We compare our proposed models with state-of-the-art methods in Table II. Considering available category labels of CIFAR-10 dataset, the performance results of inception score on both conditional and unconditional learning are provided. Compared with base model GCN, GGCN obtains respectively 2.61 and 1.55 gains in the unconditional and conditional settings. In comparison with state-of-the-art GAN based methods, our proposed still demonstrates a significant improvement in inception score in unconditional/conditional settings. For example, GGCN gains around 0.6 improvements over DCGAN. Notice that inception score of wGCN is slightly lower than that of wFRAME, this might be caused by the applied filters of wFRAME and FRAME are from VGG models well pretrained on ImageNet, while in GCN and wGCN, the filters will probably be trained to relatively inferior features. Further, higher quality images with more realistic natural scenes are generated by GGCN than those of DCGAN, as demonstrated in Fig.7 (b). In those images of GGCN, objects in these images such as cars, horses, and airplanes are easily be recognized.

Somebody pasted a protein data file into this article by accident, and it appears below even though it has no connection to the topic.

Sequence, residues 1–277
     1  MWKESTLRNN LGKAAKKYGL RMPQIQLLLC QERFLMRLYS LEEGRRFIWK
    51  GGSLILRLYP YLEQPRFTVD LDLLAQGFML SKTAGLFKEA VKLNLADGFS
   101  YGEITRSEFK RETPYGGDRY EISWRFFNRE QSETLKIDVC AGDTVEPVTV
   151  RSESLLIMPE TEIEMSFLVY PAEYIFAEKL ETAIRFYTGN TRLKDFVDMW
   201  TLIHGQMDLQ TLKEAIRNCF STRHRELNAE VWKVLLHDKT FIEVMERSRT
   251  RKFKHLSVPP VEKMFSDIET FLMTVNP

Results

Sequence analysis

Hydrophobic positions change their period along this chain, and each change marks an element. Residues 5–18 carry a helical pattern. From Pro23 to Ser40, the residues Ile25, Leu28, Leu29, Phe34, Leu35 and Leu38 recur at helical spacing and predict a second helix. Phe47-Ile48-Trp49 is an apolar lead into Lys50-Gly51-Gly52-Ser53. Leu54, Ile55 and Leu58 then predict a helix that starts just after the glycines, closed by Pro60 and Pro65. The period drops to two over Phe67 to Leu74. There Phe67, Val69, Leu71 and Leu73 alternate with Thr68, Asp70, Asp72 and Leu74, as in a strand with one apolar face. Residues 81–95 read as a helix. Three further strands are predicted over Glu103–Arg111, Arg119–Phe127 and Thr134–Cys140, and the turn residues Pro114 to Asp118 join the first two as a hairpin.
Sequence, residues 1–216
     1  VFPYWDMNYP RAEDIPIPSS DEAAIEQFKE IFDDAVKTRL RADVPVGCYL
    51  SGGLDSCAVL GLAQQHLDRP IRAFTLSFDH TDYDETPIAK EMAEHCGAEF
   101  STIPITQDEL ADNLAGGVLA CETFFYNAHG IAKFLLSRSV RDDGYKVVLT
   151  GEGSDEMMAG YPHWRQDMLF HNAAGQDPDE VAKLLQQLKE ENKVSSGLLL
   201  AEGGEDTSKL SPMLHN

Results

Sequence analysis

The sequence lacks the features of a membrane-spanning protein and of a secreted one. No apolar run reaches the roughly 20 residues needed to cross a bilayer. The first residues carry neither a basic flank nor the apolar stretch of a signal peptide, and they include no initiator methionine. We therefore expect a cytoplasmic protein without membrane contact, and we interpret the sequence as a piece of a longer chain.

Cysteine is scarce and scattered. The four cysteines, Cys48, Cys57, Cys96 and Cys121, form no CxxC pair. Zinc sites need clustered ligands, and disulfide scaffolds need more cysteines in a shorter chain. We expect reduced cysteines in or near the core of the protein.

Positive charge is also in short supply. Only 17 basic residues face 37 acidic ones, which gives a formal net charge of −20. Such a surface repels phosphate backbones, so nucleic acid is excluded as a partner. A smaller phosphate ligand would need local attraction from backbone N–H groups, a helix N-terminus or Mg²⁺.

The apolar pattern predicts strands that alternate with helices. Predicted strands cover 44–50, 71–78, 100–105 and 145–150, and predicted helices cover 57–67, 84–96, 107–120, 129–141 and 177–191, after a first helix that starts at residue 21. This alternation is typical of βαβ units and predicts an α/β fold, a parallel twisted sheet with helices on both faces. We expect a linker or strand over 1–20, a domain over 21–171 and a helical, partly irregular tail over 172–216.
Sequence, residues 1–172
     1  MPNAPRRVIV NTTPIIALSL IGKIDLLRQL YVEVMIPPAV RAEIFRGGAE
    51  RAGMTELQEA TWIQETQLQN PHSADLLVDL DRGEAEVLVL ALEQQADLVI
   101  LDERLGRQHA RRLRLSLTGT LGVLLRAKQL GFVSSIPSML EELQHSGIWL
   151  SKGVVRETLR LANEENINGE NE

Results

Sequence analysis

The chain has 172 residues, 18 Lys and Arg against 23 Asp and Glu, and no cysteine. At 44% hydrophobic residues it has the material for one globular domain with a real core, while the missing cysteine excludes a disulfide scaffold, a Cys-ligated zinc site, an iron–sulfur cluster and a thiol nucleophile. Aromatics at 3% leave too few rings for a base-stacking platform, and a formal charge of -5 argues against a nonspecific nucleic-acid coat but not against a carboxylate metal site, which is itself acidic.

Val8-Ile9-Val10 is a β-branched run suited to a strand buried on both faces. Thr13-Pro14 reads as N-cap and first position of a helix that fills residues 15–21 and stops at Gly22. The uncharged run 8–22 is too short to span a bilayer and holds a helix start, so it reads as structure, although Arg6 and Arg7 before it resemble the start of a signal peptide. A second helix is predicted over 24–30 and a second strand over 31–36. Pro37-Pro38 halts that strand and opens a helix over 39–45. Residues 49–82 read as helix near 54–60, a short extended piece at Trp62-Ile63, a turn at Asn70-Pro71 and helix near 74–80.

Experimental Results on Tiny ImageNet
Tiny ImageNet synthesis results are also provided on conditional and unconditional generation. A visualization of results for both types of generations are shown in Fig.8. Considering that the capacity of ImageNet is much larger than CelebA and CIFAR-10 datasets and its images contain relatively complicated objects and unclear background, these features challenge the learning of generative models on ImageNet, and the generations on this dataset are not as satisfying as the former two large scale datasets. However, GGCN manages to generate images with clear edges and textures, some objects and scenes can even be identified, such as the fruits and birds in both Fig.8 (a) and (b). Owning to the learning hidden space mechanism, results of these two types of generations are visually similar.
5.4 Model Analysis and Assessment
Improvement of Training Stability
Quantitatively, the curves in Fig.5 are calculated by averaging across the entire dataset. The wGCN method has a lower cost according to response distance ; namely, a direct critic in section.5.1 of filter banks between synthesized samples and target samples is smaller and decreases more steadily. More specifically, our algorithm has mostly solved the model collapse problem of GCN because it not only ensures the closeness of the generated samples and the “ground-truth” samples but also stabilizes the learning phase of model parameter . The three plots clearly show that the quantitative measures are strongly correlated with qualitative visualizations of generated samples. In the absence of model collapse, we obtain results that are comparable to or even better than those of GCN.